“Your descriptions of Seats & Gardens . . . are often imperfect, frequently flippant, & sometimes false…….Be advised therefore from a friend to your Fame, as well as your Peace of mind; and do not print any thing that will either hurt or offend the Owners of Places, when in so doing, you will bring upon you much, & I fear, some well-deserved Criticism from Real Connoisseurs.”
William Mason, in correspondence with William Gilpin in the 1780’s
Gilpin’s reply: (note – ‘writing for the ladies’ was intended to indicate a deplorable popularism..)
“Get you along – get you along, you & your friend, out of the precincts of taste. Go, cultivate some clod of earth. In the regions of landscape – of lights, & shades, & glowing tints, you have nothing to do. – I write for the ladies! – No, sir, – nor for such critics as you, & your cold, unanimated friend. I write merely, & solely for people of picturesque genius – whether gentlemen, or ladies, I reck not.”
Tristan Gregory’s piece about Rousham produced criticism of thinkingardens for publishing such a piece, and whether his criticisms were accurate or not got rather neglected. So I feel a need to address the issue of publishing garden criticism on thinkingardens.
For what it’s worth we owe thinkingardens to my being angry. Not temperate and rational, but angry about the garden world’s dishonesties and complacency. I care a lot about gardens and about honesty, and my therefore my anger is deep and abiding and gets continually fed.
So I sympathise with Tristan’s feelings, expressed so robustly, about Rousham and I’m glad to be able to enable him to have a voice. He would not be able to tell his truth anywhere else that I know of, except for his own blog if he had one. (which he doesn’t as far as I know.)
And I have always made Veddw available to criticism. I know how it hurts and I also value it. Criticism of thinkingardens hurts too and I publish it.
At the same time I feel distressed to think that we may, as has been suggested in the comments, be sabotaging my efforts to develop and promote garden criticism.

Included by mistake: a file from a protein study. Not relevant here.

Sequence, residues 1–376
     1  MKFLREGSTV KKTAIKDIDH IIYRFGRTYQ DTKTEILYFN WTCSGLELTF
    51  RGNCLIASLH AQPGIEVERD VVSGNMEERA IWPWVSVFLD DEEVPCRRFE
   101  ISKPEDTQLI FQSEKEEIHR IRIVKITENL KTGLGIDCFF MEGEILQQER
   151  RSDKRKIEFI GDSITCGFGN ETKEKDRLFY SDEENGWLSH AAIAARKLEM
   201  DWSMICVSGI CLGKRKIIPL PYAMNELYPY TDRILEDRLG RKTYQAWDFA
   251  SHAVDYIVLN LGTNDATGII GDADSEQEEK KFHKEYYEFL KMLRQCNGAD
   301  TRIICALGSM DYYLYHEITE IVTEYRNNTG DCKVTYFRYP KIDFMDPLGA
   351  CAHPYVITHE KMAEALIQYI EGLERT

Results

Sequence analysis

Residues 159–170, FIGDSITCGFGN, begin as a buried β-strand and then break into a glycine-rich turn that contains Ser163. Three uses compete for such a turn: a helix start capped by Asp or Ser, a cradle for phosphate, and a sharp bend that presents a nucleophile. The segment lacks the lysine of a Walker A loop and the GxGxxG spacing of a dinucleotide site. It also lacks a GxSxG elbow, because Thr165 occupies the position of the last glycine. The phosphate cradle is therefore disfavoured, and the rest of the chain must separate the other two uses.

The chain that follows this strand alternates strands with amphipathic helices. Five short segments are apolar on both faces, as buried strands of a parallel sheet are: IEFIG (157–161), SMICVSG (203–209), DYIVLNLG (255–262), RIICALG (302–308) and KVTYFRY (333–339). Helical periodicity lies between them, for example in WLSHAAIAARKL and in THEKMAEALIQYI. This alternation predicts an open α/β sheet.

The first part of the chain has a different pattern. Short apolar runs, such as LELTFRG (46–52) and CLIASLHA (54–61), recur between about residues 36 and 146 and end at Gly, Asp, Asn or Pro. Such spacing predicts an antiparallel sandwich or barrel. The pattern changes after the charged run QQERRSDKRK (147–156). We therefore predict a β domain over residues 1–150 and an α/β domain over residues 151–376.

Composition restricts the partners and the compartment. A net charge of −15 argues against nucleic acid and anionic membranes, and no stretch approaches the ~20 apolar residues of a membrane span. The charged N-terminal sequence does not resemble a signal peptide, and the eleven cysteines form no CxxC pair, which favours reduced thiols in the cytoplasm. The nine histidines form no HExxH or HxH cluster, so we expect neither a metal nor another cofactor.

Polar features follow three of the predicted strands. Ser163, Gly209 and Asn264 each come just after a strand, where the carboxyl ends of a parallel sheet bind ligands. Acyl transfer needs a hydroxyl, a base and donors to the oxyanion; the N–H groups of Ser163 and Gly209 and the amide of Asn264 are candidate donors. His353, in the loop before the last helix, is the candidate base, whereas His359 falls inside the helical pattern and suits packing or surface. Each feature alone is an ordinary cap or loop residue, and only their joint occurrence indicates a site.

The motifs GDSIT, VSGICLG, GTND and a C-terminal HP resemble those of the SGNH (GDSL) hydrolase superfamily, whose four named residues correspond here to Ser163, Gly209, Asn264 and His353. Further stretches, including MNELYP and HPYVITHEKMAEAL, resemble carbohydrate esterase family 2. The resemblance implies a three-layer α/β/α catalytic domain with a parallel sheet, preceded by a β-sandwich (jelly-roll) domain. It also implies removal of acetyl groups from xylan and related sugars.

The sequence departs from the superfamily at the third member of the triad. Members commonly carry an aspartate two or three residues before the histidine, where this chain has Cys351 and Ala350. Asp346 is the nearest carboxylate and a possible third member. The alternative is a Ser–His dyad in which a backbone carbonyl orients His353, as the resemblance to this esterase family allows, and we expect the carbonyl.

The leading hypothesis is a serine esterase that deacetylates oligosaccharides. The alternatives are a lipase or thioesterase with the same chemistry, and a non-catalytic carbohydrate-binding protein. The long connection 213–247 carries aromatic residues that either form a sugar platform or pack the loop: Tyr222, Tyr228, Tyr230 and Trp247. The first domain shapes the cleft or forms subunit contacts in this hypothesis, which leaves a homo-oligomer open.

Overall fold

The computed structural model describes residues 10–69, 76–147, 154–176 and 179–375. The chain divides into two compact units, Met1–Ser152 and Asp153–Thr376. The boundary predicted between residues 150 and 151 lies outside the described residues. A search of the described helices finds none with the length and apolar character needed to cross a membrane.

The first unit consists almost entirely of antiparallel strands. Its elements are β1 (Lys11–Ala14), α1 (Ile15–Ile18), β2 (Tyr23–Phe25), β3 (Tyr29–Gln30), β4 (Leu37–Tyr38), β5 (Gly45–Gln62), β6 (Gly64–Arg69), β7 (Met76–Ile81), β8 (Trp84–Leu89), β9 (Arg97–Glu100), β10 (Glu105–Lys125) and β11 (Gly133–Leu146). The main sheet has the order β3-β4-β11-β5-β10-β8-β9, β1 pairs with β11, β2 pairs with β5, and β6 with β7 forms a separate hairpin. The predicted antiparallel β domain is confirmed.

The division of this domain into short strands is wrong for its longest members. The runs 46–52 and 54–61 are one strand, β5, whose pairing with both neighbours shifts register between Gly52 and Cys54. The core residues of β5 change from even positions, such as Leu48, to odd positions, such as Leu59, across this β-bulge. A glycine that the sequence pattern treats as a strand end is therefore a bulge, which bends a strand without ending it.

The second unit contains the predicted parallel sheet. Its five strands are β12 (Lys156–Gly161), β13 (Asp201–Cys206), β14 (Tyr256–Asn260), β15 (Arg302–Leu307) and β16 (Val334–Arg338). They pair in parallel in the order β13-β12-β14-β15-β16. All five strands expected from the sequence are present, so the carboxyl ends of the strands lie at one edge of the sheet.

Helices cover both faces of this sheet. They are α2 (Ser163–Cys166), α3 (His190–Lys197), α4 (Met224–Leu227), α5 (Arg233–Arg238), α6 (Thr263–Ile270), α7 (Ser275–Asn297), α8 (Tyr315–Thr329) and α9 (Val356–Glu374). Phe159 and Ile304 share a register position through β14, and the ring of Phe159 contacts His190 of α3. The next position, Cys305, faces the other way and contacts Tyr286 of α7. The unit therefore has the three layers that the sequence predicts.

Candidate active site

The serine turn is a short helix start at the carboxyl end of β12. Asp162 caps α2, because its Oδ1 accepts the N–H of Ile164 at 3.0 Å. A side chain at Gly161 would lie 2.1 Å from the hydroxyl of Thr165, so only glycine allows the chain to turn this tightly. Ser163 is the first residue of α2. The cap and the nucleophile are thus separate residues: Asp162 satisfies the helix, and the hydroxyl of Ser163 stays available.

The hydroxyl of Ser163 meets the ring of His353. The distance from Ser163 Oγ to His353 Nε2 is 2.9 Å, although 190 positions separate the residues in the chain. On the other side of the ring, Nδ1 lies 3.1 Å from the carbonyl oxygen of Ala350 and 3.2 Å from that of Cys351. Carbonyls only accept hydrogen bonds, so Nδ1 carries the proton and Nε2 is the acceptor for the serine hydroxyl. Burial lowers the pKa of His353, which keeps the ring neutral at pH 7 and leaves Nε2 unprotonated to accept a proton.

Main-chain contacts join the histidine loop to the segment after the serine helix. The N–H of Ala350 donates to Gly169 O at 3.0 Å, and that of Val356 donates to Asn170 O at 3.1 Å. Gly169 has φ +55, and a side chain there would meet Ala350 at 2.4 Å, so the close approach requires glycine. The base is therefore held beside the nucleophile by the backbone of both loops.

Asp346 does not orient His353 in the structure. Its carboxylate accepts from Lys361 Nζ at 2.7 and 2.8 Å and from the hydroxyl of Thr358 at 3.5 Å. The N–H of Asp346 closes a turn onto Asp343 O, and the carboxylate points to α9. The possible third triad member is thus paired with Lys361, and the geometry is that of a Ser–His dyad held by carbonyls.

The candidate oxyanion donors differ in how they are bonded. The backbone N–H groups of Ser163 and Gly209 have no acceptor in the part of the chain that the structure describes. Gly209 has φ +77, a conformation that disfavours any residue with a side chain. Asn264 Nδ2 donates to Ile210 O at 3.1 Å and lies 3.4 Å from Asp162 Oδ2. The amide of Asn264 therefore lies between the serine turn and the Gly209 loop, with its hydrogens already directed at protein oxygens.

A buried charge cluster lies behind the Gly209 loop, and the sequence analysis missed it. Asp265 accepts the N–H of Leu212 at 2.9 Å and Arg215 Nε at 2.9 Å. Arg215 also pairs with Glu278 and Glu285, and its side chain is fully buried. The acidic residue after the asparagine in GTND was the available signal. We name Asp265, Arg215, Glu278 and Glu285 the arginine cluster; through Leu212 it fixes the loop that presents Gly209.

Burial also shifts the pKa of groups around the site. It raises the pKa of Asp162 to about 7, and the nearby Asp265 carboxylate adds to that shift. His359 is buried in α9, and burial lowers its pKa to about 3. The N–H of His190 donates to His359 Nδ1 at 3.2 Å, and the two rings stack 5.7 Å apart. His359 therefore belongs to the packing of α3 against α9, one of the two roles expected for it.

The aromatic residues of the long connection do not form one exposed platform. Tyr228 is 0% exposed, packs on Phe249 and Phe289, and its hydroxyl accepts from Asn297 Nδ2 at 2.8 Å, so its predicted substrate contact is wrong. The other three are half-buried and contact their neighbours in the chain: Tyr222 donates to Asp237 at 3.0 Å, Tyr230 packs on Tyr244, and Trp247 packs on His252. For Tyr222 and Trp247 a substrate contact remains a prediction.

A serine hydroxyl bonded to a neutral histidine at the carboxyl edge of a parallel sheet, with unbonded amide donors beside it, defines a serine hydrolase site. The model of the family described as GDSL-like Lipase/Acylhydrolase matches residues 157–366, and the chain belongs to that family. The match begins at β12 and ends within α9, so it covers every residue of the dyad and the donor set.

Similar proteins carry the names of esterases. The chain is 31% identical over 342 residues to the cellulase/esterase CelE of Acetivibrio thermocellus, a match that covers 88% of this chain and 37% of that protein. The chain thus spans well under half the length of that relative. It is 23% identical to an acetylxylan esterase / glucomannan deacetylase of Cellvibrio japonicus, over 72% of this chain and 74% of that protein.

Though if I am doing, I have been doing this for the past nine years. We started early with Bridget’s review, which produced howls of anger – in writing and at Chelsea, where Dan Pearson collared me and told me Bridget had no right, as an economist, to criticise his garden. And there was an outcry too when an American correspondent wrote about her visit to this country on thinkingardens and called a garden ‘crap’. And so on.
There is an obvious suggestion that I should edit out the most vigorous comment and make sure thinkingardens is balanced. Along the lines of the BBC perhaps – so that one view must have another view to counter it? And if I cannot produce two or three people with opposing viewpoints then the one person must offer all? And that I would be more effective in my aims if I did so? Or perhaps that I should just make sure any adverse comments are kindly expressed?
I take that seriously. But, going back to my opening, I have to say that this is probably beyond me. There is a context – of the overall garden world, where, to summarise, all gardens are ‘lovely’ and woe betide anyone who says anything different. And my woe has been well betidied for doing so over years.
So my perspective is that robust comment and criticism is in itself a balance, and a welcome one.
As Philip Clayton said on twitter in response to Tristan’s piece: “what a relief! Rousham, the holy cow to many design type folk but it didn’t do much for me when I visited. Thought it just me!” How many more of us have felt bewildered, angry and confused when faced by the reality of an overpraised garden? Especially if we travelled many miles at great expense of time and money to do so?
But if the cost is that thinkingardens speaks to no-one because people are offended and upset, then that is clearly self defeating. And a shame.
So. I have thought about what some of you have said.
And, I will continue to publish and offer a forum for a range of views and responses to gardens, books and other garden related things, and I will not censor those pieces, but continue to rely on my contributors to do their best within their own priorities, demanding only that people tell as near to their truth as is humanly possible.
But – I will ask that those of you who support my aims, but not the way I do it, to begin to do it yourselves. I have no exclusive rights to garden criticism of any kind and I encourage you all to find ways to promote the kind you wish to see and to get it out there into the wider world. And I will cheer you every inch of the way. And help, if I can.
And for those of you who find the whole idea of being critical of gardens terrible: there will always be a great deal else on thinkingardens to entertain you.
PS and in case you think I am speaking just academically – here’s a piece I wrote earlier about being criticised.
Anne Wareham, editor